• CITI (online course) 5% Successful completion of the CITI certification is required by San Jose State University’s Institutional Review Board for all people working with human subjects. Information about CITI training is provided on the IRB page: http://www.sjsu.edu/gradstudies/Research/irb.html Submit the CITI completion certificate in the provided dropbox. This is a pass/no pass activity.
    • Student Learning Outcome addressed:
      SLO #4 - Understand appropriate data collection/analysis tools, and ethical concerns related to research.
  • Quizzes (13%)
    The ten quizzes are based on the ten chapters in the Creswell textbook as well as my supplemental video lectures. The quizzes are open book, untimed, and unproctored, but you only have one attempt to take each quiz. (Quiz 8 is worth 3%, and Quiz 9 is worth 2%. All others are worth 1%.)
    • Student Learning Outcomes addressed:
      SLO #2 - Demonstrate knowledge of fundamental principles and processes of conducting research.
      SLO #4 - Understand appropriate data collection/analysis tools, and ethical concerns related to research.
  • Group discussions (9%)
    Students need to participate in three group discussions during the semester or choose from one of the alternative options. There will be at least six scheduled group sessions to choose from. The dates will be selected based on student schedules and input. See the scoring rubric provided in the class for grading criteria.
    **Alternative options to group discussions: For students who cannot participate in three of the group discussions, there are two alternative assignment options. Students can opt to create a 5-minute video presentation about a specific research method or write a 5-page analysis of a reference-related research study. If there is more than one student interested, there might also be an option to have an asynchronous discussion group. Contact the instructor for details and grading rubrics for possible alternative options.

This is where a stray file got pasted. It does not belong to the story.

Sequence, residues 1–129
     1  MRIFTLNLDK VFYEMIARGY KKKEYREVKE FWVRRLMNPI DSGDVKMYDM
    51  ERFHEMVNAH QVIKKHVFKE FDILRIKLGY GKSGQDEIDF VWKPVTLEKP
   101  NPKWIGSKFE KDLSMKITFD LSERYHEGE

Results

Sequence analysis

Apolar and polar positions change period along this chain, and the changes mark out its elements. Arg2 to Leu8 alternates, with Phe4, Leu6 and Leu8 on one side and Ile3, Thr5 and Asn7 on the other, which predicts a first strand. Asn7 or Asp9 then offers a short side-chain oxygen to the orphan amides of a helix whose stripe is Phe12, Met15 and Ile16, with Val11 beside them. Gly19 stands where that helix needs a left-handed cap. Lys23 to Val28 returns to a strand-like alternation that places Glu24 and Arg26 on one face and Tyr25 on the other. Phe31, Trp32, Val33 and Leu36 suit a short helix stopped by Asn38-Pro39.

• Student Learning Outcomes addressed:
      SLO #1 - Understand the difference between primary and secondary research.
      SLO #2 - Demonstrate knowledge of fundamental principles and processes of conducting research.
      SLO #3 - Articulate the research method(s) covered in the course, appropriately apply them, and understand their strengths and liabilities.
      SLO #4 - Understand appropriate data collection/analysis tools, and ethical concerns related to research.
  • Proposal 40%
    Chapter 1 (10%)
    Chapter 2 (10%)
    Chapter 3 (10%)
    Compiled research proposal (10%)
    Write a 20-page research proposal (double spaced, 12pt font) using the template provided in the Course Content folder. See the scoring rubric provided in the class for grading criteria.
    • The compiled research proposal supports the following core competency:
      L - Demonstrate understanding of quantitative and qualitative
      research methods and of the evaluation and synthesis of
      research literature.
    • Student Learning Outcomes addressed:
      SLO #1 - Understand the difference between primary and secondary research.
      SLO #2 - Demonstrate knowledge of fundamental principles and processes of conducting research.
      SLO #3 - Articulate the research method(s) covered in the course, appropriately apply them, and understand their strengths and liabilities.
      SLO #4 - Understand appropriate data collection/analysis tools, and ethical concerns related to research.

If you are unable to complete major assignments by the assigned date, there is a two-day grace period with no questions asked, or you need to email me to get permission to make alternative arrangements. After the grace period, there will be a 10% penalty for major assignments unless you have contacted me and have written permission for alternative arrangements. NOTE: There is no grace period for discussion postings that entail peer feedback. See the university policy for criteria to earn an incomplete. No work will be accepted after the last day of class unless written arrangements have been made and approved.